More Bike Lanes are Safer for…Motorists!


By Charles Pekow

Cycling West - Cycling Utah Magazine logoIf motorists object to adding bike lanes or parking – just tell them the more bicyclists, the safer the drivers are too. Yes, there’s a study to prove that cities with a higher percentage of bike riders and more bicycle infrastructure encounter a lower proportion of crashes involving cyclists, motorists and everybody else.

The title of the study asks the question: Why are Bike-Friendly Cities Safer for All Road Users? It was done at the University of Colorado and looked at data from 12 large American cities over 13 years. “Better safety outcomes are…associated with a greater prevalence of bike facilities – particularly protected and separated bike facilities,” the researchers conclude.

What makes it so? The study doesn’t pretend to know for sure. But through a lot of statistical analysis of all the crash data, the researchers conclude that the presence of infrastructure for cyclists promotes safety more than the number of people riding it. They speculate that just the presence of bike lanes makes motorists more alert and slows them down, and the slower the speed, the less likely the crash.

The authors also warn that their conclusions are not generalizable, as they only looked at large cities in this country and other factors may come into play elsewhere. Large cities may have more traffic calming measures, slower speeds and higher density of all users.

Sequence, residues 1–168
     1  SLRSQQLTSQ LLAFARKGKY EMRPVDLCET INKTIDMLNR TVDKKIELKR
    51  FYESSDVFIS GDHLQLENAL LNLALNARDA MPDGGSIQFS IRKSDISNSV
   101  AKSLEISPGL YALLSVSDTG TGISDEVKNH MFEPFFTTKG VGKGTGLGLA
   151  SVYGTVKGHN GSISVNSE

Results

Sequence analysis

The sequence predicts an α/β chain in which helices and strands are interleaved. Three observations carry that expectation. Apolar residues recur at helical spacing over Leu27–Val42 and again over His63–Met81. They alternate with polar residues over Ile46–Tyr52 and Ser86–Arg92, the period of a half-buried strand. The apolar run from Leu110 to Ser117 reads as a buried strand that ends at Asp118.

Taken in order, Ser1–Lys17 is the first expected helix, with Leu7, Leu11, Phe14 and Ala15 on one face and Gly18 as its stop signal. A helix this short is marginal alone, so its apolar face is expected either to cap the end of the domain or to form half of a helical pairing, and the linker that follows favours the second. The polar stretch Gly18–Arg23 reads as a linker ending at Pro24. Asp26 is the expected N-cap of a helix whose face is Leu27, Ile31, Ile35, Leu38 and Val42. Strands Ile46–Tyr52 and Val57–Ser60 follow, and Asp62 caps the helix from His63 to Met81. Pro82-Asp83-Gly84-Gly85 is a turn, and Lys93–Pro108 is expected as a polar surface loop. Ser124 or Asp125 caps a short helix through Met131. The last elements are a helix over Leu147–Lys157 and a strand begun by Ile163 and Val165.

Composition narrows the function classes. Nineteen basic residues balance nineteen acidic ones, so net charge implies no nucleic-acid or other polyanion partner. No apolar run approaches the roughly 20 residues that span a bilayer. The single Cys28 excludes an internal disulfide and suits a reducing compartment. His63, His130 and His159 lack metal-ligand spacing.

Reference: Marshall, Wesley E., Nick Ferenchak, and Bruce Janson.  Why are Bike-Friendly Cities Safer for All Road Users?. No. MPC 18-351. 2018.


(Visited 120 times, 1 visits today)
Previous articleCrossing the Chilcotin
Next articleBisbee, Arizona to Border and Back
Charles Pekow
Charles Pekow is an award-winning Washington correspondent who has written about bicycling for years in publications such as the Washington Post, Bicycle Times, Dirt Rag, SPOKES, etc. as well as Cycling West/Cycling Utah. He also writes frequently on environmental issues and beer, among other topics. Weather permitting, you'll find him most weekends and some summer evenings astride a bicycle in a park. He is also a charter member of the Rails-to-Trails Conservancy.


Please enter your comment!
Please enter your name here